January 9th, 1912 ~ Firemen Seneca Larke & the Equitable Fire
EDITORS NOTE: Read the NY Times article on the awards ceremony in 1913.
by Paul Hashagen - A composite structure, the Equitable Building actually consisted of five buildings erected at different times, the tallest being ten-stories high. It occupied the entire square block bordered by Broadway, Nassau, Cedar and Pine Streets. The buildings had undergone many alterations, including openings on most floors between various structures, allowing uninhibited travel from one area to another.
On January 9, 1912 at 5:18 A.M., a building employee discovered a wastepaper basket, chair and a desk in the watchman’s office were burning briskly; the employee went to summon help.
The fire traveled from the tiny office down a hallway to a large shaft containing two elevators and eleven dumbwaiters that served the exclusive Lawyer’s Club and the Cafe Savarin from the eighth floor kitchen. There were direct openings on each floor, from the cellar to the roof, with the exception of the fourth floor.
Employees attempted to place a standpipe hose into operation, but stretched short. Finally, an excited employee told a policeman of the fire, and sixteen minutes after the fire was discovered, Box 24 was transmitted. It sent four engines, two ladders, two battalion chiefs and the deputy chief of the First Division.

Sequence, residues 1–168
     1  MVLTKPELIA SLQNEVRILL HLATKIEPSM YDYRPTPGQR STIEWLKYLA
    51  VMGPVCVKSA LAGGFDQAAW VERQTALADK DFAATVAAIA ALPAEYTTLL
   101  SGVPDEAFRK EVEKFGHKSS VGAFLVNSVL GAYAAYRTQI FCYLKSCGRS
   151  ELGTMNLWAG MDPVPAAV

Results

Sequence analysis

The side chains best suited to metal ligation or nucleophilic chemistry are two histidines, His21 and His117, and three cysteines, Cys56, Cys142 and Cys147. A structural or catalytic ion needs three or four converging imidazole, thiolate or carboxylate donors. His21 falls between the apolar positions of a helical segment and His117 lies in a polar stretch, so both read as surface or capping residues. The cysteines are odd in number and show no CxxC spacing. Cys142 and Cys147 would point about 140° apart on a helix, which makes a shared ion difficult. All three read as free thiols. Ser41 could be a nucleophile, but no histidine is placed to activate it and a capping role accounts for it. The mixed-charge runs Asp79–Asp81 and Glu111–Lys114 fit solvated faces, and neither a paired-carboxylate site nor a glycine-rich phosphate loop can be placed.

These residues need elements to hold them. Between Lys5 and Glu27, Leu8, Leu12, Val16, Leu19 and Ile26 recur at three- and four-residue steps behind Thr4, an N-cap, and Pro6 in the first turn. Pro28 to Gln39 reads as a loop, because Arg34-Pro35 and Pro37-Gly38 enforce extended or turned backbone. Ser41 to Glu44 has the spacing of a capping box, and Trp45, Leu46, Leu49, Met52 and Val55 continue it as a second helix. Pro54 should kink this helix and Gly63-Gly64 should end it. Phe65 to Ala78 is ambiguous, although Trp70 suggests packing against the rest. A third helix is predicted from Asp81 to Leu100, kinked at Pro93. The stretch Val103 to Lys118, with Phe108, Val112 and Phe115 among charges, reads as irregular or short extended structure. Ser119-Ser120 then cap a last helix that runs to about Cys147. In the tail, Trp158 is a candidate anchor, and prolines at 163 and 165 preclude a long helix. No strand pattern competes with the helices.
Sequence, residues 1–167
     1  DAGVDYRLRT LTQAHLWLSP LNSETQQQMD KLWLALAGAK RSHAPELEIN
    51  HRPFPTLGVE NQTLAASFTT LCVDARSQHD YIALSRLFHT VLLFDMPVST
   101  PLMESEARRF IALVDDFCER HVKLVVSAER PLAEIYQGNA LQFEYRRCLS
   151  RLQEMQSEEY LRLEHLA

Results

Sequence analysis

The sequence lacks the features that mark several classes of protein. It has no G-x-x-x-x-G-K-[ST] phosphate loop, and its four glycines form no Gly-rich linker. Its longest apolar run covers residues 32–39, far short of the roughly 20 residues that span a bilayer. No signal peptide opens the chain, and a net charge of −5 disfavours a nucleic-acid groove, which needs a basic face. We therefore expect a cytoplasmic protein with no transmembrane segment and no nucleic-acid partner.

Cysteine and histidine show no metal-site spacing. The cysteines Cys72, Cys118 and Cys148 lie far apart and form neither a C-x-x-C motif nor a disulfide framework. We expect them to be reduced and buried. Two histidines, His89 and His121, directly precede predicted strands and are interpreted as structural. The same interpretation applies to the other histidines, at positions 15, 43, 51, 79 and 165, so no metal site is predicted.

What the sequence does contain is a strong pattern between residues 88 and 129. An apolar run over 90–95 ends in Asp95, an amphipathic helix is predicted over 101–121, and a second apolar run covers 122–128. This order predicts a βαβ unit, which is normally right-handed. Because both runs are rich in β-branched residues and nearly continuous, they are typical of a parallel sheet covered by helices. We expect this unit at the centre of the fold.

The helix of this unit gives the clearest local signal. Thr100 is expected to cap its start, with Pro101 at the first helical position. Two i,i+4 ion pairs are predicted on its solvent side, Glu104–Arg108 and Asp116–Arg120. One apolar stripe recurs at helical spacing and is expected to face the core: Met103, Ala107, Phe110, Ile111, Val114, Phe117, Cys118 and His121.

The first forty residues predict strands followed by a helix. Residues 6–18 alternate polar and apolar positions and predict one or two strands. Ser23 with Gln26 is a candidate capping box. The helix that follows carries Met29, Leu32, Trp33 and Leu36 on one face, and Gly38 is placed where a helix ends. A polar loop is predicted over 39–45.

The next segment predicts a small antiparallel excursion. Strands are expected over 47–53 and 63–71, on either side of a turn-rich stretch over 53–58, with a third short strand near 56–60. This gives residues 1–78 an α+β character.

Engine 6, first in, stretched into the cellar and began operating. The companies were making good progress in the cellar, unaware of the fire extension on the floors above.
At 5:55 A.M., the acting deputy chief received reports about the fire extension on the floors above and transmitted a second alarm.
Because of the early hour, the only people in the building were cleaners, restaurant employees, watchmen, heating engineers and several bank employees. As conditions worsened, three waiters from the Cafe Savarin took the elevator to the top floor, but flames drove them to the roof of the ten-story building.